Don’t buy into the hype.
Instead of wading through ramblings about what arbitrary characteristics make someone an ill-fitting match, cut through the clear packing tape and embrace the truth. Don’t bog yourself down with the incessant diatribes turned into flowery love letter for painters, dancers, guys with mustaches, and literature lovers. Those are just cute lies blocking you from the truth you were hoping to find based on the misnomer of a title the author bamboozled you with.
If you don’t want your heart to be broken by some flakey girl who likes to travel or that moody guy who only speaks using Haiku, stop believing in the idea of true love. The fluttering in your heart that is supposed to come whenever you see “the one”, or read a description that suits them is a farce. World Peace and the Easter Bunny are sitting at Jack Frost’s bar laughing at you right now.
You can go through all the motions; nod your head at all the shamefully stereotypical lists in agreement, but the facts won’t change. It doesn’t matter who you do or don’t date, the key to a success in a relationship is nullifying the age old hypothesis of true love.
Yes. I said hypothesis.
Make no mistake, love is real. However, true love, the exotic dragon that haplessly grumbles behind the plot of each shitty just-in–time-for-the-holidays romantic comedy ever made has become sugarcoated fiction.
From the moment you lock eyes with someone for the first time at a freshman ice cream mixer, until the night realize you’ve never felt safer than when you were lying next to them, there is no true love. The premise that there is one person out there worthy of secret kisses on the fifth floor staircase, nights binge drinking until you can’t feel your sweat riddled face, or trying to figure out how you can swing your beliefs on marriage toward patriarchal tradition is flawed.
There is nothing true about white dresses and gold wedding bands. There is no moment of awe and wonder in giving up your limitless freedoms as an “I” just so you can endure the warm touch of a “we”. There is no definitive truth in a love that is still threading across dinner tables, thickening in spite of time zones and loud quirks.
That is just the society challenging, heart aching, mind flustering phenomena known as love. The soul-crushing ending that is truth hasn’t been added to it yet.
True love is what happens when gazes across the table stop and phone doesn’t ping as loudly. True love is what happens when you can’t remember every word to the last fight you had, only that you went to a overrated restaurant once and fell in love with a stray hair latching on to his/her face. True love is the moment your heart stops because you know it’s over and you wish you could’ve had more time to share the best of what’s in you.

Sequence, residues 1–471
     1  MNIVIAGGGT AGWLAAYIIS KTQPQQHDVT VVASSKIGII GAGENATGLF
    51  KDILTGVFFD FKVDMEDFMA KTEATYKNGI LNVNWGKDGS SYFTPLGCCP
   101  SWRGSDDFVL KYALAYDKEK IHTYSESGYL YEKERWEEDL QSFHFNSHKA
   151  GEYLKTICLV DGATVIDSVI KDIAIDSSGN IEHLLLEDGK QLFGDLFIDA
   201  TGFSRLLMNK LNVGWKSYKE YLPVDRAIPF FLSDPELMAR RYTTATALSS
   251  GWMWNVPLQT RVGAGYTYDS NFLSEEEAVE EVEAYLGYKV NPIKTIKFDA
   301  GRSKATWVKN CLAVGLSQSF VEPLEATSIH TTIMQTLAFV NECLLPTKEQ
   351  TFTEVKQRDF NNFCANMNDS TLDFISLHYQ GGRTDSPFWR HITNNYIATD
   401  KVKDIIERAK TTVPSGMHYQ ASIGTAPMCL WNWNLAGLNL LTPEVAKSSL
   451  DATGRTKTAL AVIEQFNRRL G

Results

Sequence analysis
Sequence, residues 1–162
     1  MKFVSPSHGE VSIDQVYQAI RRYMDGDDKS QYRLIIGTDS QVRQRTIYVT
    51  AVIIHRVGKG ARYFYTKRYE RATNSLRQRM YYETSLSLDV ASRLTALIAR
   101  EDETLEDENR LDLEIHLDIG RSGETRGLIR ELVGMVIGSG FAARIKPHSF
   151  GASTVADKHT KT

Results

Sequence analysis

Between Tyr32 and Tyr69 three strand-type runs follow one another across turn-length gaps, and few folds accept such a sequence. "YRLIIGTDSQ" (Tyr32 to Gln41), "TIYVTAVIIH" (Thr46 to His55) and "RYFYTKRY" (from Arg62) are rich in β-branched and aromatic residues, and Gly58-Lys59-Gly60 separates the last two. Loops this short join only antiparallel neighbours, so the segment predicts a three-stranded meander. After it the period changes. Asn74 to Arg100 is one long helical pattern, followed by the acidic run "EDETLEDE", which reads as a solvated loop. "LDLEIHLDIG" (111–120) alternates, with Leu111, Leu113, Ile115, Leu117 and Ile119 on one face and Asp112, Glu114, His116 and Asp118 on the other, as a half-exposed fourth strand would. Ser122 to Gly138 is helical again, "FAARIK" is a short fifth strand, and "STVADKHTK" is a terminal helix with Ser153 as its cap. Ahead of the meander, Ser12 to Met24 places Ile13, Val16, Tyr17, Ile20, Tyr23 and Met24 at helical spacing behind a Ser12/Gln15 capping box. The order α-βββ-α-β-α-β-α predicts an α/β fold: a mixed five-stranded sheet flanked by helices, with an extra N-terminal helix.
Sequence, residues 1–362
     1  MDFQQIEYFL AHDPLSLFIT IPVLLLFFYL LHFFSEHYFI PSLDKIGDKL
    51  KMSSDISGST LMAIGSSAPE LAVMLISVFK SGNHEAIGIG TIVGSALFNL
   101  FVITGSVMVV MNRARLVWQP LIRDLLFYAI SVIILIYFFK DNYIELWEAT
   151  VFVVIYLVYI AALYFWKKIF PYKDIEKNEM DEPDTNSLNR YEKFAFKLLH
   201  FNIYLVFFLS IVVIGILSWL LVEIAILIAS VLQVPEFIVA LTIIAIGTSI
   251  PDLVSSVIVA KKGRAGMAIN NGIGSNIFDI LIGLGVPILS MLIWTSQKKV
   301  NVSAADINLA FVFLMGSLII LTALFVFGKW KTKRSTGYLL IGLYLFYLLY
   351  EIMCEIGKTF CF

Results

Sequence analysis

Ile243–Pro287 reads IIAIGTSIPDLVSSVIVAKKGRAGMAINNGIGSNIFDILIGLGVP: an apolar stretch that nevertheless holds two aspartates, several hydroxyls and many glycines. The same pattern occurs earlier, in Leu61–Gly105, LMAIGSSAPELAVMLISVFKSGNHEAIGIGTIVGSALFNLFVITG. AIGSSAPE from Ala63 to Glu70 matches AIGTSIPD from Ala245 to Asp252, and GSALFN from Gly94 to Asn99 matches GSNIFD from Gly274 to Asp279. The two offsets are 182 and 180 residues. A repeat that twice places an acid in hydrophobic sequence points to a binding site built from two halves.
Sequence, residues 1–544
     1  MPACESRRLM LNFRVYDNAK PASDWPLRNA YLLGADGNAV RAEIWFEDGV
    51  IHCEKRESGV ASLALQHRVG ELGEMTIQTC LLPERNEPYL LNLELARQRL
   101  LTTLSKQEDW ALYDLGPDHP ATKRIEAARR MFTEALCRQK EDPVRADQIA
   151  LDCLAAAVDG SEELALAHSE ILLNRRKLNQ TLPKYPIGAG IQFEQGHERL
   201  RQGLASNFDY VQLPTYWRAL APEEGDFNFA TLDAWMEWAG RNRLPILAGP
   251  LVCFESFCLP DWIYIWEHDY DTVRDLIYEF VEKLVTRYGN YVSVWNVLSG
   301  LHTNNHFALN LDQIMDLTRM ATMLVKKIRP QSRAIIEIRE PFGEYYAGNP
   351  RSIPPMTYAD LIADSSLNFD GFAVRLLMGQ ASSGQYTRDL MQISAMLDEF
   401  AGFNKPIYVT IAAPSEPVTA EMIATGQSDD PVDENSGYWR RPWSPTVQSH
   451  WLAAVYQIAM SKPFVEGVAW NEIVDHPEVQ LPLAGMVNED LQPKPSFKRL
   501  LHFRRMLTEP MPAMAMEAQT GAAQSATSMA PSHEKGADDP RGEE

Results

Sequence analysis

Why would anyone actually want that?
Line by line, improperly used word after word, no matter how many “Is (s)he the one” or “Don’t date a ___” articles you read and secretly agree with, you don’t want true love. You don’t want to have the pleasure of looking back on awkward first kisses and teary eyed confessions that can still make every crappy part of your day seem juvenile. You don’t want to walk the same streets or dine in the restaurants you made storied together alone. You don’t want flashbacks of your first road trip together barreling through your head while you’re being forced to move on. You don’t want the love story to end.
So, let’s stop pretending.
Let’s stop pretending we want the true love misers have been peddling us for years in the hopes we buy a mildly funny, but poignant anniversary card. No one actually wants to look back and say, “Even though it ended—and I’ll never get anything close to what we had, I’d do it all again.” No one wants to get to the part where you’re supposed to say it was worth it. None of us really want to experience the truth that happens after love when we could be spending that time in it.
Don’t fall for the hype.
Forget what they told you about true love.
Go for broke on being in love, it’s much better than being alone with the truth.